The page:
Perfecting Cold Calling and Developing New Business

By Susan Salvo 

“Our sales team is great once they get in front of a prospect for a face-to-face meeting. Even in this tough economy, our team is still closing new business, albeit with a longer sales cycle. The real challenge is getting the initial meeting with someone who can buy from us.”

Does this complaint sound familiar? Getting the initial appointment with a decision maker is one of the most important ingredients in the sales process, but it is often viewed as a daunting task. However, the solution is simple: create a structured process that includes generating leads, prospecting, making the initial contact, scripting, working through the gatekeeper, and setting a meeting. 
1. Develop a Golden Database
Cold calling or prospecting for new business is a numbers game. Therefore, it’s critical to have a healthy database with a list of well-qualified prospects. There are many excellent sources for leads, as well as industry-specific lead lists. It’s also important to have a CRM (Customer Relationship Management) tool to house a prospect list. You can use these tools to find the best prospects by sorting lead sources by geography, revenue, SIC codes, number of employees, and so on. You can also use them to manage your prospects by setting the initial call, scheduling follow-up calls, and most importantly, taking notes while talking to the prospect. When used properly, the database is a sales person’s best ally in staying organized.

2. Know Your Ideal Prospect
Take time to look at your current customer base and identify at least five shared characteristics. These may be related to geography, size, market sector, number of employees, or product. When prospecting for new business, it’s easier to develop business in vertical markets where your organization has a proven track record. If you’ve been selling to manufacturers of tennis balls, try selling to manufacturers of golf balls or ping pong balls.

3. Write a Letter of Introduction They Can’t Ignore
Before picking up the phone to make the initial contact, send a one-page letter of introduction to the prospect. It should be in three parts: a headline to grab the prospect’s attention, a short description of your product or service and the benefit to the prospect, and lastly, a call to action, a request for a face-to-face meeting. Once you have sent the letter via regular mail, set a task in the database for a follow-up call to the prospect five to seven days after you’ve mailed the letter.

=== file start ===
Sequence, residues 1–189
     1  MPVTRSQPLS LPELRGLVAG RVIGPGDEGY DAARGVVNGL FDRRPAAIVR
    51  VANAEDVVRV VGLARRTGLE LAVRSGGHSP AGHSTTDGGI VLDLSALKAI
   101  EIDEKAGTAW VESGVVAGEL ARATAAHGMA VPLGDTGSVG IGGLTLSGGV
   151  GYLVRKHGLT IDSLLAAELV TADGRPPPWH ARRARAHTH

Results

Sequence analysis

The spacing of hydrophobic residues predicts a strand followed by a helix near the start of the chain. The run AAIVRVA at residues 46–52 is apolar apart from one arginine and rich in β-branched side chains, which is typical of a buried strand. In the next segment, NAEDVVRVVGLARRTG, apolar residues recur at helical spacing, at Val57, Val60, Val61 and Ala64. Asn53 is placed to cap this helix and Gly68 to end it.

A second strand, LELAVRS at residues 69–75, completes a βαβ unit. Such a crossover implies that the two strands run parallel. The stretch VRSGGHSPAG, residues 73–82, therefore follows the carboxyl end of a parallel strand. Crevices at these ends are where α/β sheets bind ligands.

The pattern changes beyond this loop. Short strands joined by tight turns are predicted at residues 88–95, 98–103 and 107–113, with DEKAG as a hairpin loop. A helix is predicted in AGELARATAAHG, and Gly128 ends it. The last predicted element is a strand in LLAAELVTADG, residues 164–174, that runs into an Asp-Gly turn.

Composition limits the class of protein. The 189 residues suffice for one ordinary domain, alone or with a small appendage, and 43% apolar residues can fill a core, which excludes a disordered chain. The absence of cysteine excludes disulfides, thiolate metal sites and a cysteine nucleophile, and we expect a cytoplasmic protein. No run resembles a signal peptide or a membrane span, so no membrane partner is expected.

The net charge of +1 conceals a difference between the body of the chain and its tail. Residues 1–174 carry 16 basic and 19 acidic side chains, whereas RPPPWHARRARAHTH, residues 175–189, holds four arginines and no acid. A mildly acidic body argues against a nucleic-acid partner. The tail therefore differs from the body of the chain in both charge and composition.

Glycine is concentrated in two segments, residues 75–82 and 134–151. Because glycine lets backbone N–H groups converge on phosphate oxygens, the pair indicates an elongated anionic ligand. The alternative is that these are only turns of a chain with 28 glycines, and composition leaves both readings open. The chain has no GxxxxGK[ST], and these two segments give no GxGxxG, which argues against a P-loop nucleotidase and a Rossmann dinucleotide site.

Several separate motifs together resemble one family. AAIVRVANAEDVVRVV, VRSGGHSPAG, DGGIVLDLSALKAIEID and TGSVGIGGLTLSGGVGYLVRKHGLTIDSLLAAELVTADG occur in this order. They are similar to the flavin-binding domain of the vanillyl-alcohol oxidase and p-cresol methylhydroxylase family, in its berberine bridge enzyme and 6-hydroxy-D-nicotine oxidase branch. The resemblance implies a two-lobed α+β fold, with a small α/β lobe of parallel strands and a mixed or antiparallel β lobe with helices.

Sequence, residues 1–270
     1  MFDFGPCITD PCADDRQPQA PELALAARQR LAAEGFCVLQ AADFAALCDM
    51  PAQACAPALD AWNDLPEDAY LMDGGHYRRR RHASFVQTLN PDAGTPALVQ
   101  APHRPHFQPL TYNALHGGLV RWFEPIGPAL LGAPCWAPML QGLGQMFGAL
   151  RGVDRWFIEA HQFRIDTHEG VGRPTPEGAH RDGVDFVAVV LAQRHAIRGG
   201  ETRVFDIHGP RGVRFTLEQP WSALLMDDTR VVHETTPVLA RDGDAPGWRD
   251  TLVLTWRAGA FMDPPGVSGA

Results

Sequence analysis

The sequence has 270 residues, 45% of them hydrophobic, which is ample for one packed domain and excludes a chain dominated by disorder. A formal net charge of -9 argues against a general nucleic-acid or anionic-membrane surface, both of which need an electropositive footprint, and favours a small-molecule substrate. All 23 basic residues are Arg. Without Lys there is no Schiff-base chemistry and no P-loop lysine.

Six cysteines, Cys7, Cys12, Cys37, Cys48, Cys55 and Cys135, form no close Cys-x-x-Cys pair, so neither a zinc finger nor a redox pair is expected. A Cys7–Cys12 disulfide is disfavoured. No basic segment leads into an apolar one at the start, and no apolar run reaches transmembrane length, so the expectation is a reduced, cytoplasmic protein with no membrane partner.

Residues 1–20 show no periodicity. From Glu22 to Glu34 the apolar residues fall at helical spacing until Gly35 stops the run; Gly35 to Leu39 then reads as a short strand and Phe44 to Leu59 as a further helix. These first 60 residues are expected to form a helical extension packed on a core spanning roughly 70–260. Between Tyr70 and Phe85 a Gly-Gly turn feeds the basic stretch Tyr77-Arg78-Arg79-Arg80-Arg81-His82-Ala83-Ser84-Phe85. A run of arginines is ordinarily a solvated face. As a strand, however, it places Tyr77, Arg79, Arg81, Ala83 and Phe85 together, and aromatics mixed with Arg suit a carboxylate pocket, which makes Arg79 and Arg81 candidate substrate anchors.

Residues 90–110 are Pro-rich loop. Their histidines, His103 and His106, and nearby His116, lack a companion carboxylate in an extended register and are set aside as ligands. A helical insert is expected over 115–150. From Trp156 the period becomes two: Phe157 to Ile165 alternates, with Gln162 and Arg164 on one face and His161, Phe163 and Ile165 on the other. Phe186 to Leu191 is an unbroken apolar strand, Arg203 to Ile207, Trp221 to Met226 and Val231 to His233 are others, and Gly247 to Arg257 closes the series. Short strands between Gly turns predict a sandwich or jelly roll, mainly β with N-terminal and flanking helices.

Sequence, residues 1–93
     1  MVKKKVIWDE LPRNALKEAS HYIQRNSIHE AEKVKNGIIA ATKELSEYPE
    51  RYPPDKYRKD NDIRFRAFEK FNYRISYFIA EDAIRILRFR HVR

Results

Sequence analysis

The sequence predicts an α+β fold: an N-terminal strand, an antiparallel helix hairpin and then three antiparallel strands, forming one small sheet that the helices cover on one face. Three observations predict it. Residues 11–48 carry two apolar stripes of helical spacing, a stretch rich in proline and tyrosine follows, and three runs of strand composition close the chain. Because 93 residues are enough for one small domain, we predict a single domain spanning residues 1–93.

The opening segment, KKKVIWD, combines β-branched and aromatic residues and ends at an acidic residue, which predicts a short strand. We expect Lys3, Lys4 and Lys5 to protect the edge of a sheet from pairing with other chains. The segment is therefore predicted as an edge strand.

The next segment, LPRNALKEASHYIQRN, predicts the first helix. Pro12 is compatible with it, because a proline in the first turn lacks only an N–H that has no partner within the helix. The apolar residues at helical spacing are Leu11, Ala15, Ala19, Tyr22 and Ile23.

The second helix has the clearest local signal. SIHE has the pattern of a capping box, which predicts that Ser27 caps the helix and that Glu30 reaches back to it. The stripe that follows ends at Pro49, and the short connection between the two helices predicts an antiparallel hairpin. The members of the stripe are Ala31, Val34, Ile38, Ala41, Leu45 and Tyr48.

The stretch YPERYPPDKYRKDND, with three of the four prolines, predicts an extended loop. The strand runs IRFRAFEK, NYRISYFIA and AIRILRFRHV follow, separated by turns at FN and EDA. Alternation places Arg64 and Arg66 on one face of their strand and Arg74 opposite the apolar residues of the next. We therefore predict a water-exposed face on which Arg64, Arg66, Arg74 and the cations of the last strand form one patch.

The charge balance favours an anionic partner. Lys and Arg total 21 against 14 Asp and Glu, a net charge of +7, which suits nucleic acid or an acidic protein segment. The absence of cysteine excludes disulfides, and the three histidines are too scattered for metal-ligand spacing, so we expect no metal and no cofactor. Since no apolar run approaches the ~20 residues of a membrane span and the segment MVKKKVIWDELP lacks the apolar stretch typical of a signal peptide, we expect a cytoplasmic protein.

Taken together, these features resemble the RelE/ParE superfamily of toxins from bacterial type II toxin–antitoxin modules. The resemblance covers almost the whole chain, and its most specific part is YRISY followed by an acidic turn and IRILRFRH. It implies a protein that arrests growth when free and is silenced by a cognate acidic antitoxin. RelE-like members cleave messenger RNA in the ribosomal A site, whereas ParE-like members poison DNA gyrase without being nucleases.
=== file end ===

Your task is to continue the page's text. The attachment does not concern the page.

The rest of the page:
4. Be Prepared: Write a Script
It’s important to have a script when talking to a prospect. A script will help you to keep focused on your message and ensure you cover all the topics you need to set a face-to-face meeting with the decision maker. The script should be short and should reference the introduction letter. You can also create a script for voice mail messages. An effective voice mail message will lead to more returned phone calls and more meetings.

5. The Gatekeeper is Your Friend
Most decision makers have a gatekeeper, whose job it is to restrict direct contact. However, the gatekeeper can be a great resource. Using a powerful introduction letter, sometimes you can set a meeting without talking directly to the decision maker. Often the recipient of your letter will ask the gatekeeper to schedule a meeting. If you have sent the letter to the wrong individual in the organization, the gatekeeper can also redirect you to the appropriate person.

6. Ask for a Meeting or Move On
Once it’s been determined that your offering is a good fit for your prospect’s needs, it’s time to set a meeting. However, if the prospect is not an ideal candidate for your offering, don’t hesitate to walk away. That’s why it’s helpful to have a robust lead list.

With these simple techniques, Susan can help any sales team learn to set high-quality meetings with decision makers, even in challenging times.

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